Infrastructure development to address unemployment, Mideast crisis

12 March 2016

Vice presidential candidate Senator Ferdinand "Bongbong" R. Marcos Jr. said the next administration should focus in infrastructure development to address the unemployment problem and the impending exodus of Overseas Filipino Workers (OFWs) from the Middle East.

Marcos said a good first step for infrastructure development is the implementation of foreign-assisted projects that have not been completed, especially those funded by the Korea International Cooperation Agency (KOICA), World Bank - International Monetary Fund, Asian Development Fund, and Asian Infrastructure Investment Fund.

"A number of these foreign-assisted infrastructure projects have incurred delays in their completion and implementation due to technical and administrative problems. Steps should be initiated in resolving the projects’ backlog," he said.

Most of these foreign-assisted ventures are the construction of bridges, roads, irrigation systems, flood risk management, and other big ticket projects, which according to Marcos, could have already jumpstarted economic growth had they been completed on time.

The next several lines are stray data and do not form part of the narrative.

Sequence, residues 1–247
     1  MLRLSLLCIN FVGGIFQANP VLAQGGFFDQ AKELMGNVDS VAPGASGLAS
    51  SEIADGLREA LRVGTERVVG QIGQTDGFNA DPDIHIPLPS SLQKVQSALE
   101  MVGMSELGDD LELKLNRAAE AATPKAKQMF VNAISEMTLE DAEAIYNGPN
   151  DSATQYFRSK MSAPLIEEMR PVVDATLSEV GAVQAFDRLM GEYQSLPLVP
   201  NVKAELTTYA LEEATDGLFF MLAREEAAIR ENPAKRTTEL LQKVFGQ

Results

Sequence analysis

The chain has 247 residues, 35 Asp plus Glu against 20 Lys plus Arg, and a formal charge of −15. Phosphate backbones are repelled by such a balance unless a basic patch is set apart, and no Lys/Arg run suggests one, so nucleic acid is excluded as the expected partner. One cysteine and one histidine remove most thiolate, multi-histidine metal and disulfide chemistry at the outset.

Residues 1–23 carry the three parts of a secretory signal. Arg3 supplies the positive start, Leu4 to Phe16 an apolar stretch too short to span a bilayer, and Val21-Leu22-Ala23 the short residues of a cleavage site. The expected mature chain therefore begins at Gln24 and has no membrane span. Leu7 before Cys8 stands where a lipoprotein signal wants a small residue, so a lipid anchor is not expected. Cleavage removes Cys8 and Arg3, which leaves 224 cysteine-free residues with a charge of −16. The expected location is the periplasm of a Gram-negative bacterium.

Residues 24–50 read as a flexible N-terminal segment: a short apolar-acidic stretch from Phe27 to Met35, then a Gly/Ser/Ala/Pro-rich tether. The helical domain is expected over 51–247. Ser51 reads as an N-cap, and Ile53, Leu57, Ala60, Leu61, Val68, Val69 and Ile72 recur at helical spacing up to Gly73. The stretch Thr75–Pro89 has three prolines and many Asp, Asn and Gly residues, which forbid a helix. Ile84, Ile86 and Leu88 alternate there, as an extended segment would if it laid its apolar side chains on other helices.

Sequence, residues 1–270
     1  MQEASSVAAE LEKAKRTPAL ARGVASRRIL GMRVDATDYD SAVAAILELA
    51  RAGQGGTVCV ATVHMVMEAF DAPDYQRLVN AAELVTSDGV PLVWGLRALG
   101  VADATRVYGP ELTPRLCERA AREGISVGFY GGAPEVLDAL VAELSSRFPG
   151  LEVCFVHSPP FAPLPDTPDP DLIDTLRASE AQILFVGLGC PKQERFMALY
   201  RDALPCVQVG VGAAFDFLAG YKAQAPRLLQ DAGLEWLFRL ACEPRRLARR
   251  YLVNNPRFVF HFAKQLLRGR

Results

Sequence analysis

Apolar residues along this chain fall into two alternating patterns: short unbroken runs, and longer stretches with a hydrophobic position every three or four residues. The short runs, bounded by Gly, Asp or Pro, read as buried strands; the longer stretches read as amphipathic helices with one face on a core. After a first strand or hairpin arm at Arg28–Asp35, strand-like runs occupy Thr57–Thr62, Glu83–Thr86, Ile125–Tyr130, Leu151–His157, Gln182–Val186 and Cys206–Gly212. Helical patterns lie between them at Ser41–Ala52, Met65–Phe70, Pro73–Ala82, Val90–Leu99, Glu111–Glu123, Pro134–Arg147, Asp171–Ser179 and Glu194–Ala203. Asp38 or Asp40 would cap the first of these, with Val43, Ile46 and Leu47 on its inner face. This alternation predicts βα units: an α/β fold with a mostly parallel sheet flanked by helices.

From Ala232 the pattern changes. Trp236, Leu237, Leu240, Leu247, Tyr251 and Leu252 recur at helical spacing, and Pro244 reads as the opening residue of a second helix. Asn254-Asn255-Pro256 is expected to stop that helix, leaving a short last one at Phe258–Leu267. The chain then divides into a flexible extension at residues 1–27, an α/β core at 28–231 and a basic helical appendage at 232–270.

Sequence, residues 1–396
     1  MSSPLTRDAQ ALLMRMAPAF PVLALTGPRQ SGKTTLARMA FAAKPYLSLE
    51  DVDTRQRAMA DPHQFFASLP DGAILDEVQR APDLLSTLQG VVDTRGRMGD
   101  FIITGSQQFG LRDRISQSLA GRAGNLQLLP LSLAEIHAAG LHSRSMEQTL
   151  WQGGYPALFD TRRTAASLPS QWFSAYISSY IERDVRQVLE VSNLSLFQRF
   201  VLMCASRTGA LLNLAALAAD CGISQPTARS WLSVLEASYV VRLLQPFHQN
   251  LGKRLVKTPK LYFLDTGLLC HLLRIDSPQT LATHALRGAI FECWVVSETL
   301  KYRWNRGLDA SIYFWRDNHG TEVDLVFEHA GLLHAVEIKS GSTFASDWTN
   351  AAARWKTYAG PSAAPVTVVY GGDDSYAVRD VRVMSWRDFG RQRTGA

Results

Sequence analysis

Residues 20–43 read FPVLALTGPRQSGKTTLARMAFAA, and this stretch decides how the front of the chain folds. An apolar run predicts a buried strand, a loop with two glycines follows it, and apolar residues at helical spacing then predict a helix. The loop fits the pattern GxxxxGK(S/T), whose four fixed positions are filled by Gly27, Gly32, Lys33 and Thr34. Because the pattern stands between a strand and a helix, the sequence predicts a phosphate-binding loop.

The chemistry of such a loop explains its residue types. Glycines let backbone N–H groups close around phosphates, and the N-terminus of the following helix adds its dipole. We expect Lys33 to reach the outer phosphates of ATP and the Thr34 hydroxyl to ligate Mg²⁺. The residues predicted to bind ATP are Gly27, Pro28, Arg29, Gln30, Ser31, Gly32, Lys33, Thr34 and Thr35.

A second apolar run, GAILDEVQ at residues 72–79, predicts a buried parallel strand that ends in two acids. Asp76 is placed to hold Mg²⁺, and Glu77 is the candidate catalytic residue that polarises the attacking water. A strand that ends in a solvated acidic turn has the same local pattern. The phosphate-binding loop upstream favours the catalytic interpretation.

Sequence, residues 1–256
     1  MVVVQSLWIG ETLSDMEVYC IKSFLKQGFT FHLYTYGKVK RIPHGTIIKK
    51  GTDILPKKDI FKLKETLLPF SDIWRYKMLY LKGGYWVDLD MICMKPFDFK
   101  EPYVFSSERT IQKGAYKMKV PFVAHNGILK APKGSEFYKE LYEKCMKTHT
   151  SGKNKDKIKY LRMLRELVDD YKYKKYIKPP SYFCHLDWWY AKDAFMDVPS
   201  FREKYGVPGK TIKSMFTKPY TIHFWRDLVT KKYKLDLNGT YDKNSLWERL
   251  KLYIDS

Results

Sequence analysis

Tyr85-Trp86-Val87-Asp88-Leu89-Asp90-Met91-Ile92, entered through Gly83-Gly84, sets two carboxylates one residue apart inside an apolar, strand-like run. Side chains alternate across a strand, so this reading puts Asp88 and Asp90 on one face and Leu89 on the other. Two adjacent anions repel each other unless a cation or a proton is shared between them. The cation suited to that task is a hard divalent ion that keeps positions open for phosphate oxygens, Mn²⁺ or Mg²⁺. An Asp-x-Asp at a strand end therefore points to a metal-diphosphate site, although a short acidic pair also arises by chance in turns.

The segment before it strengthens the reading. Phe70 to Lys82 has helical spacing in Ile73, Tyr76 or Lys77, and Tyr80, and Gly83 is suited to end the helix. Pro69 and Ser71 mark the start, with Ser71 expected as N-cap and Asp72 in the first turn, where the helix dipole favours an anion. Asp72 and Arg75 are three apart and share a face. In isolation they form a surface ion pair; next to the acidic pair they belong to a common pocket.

“Infrastructure development is a good way to boost the economy, address the unemployment problem and the impending arrival of our OFWs displaced from the Middle East and elsewhere,” he pointed out.

Marcos said that the government should, as early as now be thinking about alternative measures for workers who have been displaced or even for those who will not be given a chance to work abroad.

The senator also pointed out that the government should be looking inward to develop opportunities for workers in the country instead of shipping them out in the first opportunity.

“The sad thing about it is that we are always looking for opportunities elsewhere, but very seldom have Pinoy skilled workers simply just looked around and found opportunities to exercise their skills in their homeland,” he lamented.

Marcos said that there should be more efforts to retool and educate Filipino workers so that they will be able to find opportunities in industries that need a strong workforce as well as a review of salaries for these industries to make sure that they have competitive salaries.

“If our government can provide growth opportunities here, in the Philippines, I am sure that our skilled workers will be the missing link to catapult our economy to its full potential. As it stands, other countries benefit from their skills because our government does not see what they can do for the country,” he said.